Although the areca palm can grow as high as 30 feet outdoors, in interior locations, it tends to average only 6 to 7 feet. Long evergreen leaf stems shoot up from golden stalks and arch outward and down. The small white flowers and dark purple oblong fruits can appear year-round. These palms typically grow 6 to 7 inches per year.
Due to the height of the areca palm, choose a fairly large container for it to grow into. Since garden centers tend to cultivate these plants in bright light, gradually acclimate your areca to the lower light conditions in your home. Place your new plant in its container outdoors in a part-shade location, then move it to a bright indoor location after a few weeks. If the roots fill the pot within a few years, you can re-pot the palm tree or plant it outdoors. New growth springs from a central growing point at the top of a palm tree’s trunk, which means that palms can’t be pruned to reduce their height; pruning can damage or kill the plant. The only recourse if a tree grows too tall is to relocate it to an area with a higher ceiling or outdoors.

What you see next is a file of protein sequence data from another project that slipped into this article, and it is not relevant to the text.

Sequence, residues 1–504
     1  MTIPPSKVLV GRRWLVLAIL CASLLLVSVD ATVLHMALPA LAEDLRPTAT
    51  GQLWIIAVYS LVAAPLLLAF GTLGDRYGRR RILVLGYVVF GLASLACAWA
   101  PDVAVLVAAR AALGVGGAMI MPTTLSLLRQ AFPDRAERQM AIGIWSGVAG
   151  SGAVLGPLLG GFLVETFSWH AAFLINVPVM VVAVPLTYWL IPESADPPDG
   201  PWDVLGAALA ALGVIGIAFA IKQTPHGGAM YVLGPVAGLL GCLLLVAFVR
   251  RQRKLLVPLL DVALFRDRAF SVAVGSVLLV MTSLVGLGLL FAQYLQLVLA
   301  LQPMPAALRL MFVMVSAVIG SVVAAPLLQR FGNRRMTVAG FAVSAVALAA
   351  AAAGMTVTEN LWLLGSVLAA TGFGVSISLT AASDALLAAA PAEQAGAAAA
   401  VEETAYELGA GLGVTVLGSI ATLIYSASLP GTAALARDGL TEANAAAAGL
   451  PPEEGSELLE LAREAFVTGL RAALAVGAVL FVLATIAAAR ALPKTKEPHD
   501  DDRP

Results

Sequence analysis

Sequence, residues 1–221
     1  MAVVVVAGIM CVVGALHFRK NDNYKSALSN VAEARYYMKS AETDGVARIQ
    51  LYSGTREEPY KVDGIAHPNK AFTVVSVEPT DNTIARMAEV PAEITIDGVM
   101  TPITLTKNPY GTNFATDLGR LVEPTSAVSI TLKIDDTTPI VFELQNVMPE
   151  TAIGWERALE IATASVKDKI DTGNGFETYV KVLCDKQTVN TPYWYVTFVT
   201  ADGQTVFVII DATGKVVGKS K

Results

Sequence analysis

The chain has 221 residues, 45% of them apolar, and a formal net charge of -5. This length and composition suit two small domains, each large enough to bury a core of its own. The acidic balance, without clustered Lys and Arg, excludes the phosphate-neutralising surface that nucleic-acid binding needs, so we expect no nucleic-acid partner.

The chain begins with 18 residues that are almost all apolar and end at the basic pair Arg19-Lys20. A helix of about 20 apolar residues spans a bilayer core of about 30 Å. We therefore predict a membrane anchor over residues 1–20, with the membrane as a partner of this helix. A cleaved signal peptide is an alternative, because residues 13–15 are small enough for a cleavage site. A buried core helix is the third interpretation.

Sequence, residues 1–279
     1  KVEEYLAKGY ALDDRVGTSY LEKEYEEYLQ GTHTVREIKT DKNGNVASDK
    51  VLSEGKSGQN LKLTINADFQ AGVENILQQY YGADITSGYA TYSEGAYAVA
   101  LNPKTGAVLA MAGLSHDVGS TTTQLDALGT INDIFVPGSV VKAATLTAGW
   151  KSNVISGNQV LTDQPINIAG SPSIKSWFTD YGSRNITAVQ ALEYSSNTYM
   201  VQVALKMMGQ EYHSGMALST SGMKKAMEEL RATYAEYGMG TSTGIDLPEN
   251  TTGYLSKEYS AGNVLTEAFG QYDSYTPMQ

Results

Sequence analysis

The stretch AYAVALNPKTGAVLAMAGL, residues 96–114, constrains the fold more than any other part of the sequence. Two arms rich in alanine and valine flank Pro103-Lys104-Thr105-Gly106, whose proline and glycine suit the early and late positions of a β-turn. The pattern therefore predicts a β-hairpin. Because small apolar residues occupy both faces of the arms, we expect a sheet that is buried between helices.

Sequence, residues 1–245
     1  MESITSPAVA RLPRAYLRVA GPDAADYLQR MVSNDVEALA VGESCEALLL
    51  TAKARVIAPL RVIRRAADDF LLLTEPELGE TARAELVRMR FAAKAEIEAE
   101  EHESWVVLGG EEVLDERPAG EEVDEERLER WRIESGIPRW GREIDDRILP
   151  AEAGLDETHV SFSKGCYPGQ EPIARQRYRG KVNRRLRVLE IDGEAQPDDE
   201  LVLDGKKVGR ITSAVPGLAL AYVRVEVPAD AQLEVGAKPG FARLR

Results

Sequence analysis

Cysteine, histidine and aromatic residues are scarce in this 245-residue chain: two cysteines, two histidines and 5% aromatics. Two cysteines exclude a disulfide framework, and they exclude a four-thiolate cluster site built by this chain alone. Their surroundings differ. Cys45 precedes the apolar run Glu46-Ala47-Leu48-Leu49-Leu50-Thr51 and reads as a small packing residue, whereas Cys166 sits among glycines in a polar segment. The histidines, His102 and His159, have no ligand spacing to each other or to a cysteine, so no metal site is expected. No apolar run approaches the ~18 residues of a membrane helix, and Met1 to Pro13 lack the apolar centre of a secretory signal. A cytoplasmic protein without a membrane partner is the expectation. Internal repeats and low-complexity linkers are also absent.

Like other palms, the areca needs filtered light, preferably near a southeast or west-facing window. Use a moist, well-drained soil, and water the plants as soon as the soil feels dry a little below the surface. Areca palms do not respond well to overwatering. Containers need functioning drain holes, and any excess water that collects in a saucer beneath the pot should be removed. Fertilize lightly from late winter through early fall. Areca palms prefer a temperature of 65 to 70 degrees Fahrenheit at night and between 75 and 85 degrees during the day.
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